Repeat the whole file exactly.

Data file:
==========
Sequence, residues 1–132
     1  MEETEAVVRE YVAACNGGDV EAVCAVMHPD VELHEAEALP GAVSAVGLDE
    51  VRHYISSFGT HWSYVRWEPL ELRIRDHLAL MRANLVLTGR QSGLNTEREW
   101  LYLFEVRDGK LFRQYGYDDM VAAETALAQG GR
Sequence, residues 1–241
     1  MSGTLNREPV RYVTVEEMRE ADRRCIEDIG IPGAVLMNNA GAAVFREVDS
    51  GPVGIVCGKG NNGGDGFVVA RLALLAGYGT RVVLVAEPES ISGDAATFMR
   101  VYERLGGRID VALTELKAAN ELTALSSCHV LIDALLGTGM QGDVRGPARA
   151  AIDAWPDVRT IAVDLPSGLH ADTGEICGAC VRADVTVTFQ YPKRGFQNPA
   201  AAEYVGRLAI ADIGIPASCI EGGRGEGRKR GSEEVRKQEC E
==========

Sequence, residues 1–132
     1  MEETEAVVRE YVAACNGGDV EAVCAVMHPD VELHEAEALP GAVSAVGLDE
    51  VRHYISSFGT HWSYVRWEPL ELRIRDHLAL MRANLVLTGR QSGLNTEREW
   101  LYLFEVRDGK LFRQYGYDDM VAAETALAQG GR
Sequence, residues 1–241
     1  MSGTLNREPV RYVTVEEMRE ADRRCIEDIG IPGAVLMNNA GAAVFREVDS
    51  GPVGIVCGKG NNGGDGFVVA RLALLAGYGT RVVLVAEPES ISGDAATFMR
   101  VYERLGGRID VALTELKAAN ELTALSSCHV LIDALLGTGM QGDVRGPARA
   151  AIDAWPDVRT IAVDLPSGLH ADTGEICGAC VRADVTVTFQ YPKRGFQNPA
   201  AAEYVGRLAI ADIGIPASCI EGGRGEGRKR GSEEVRKQEC E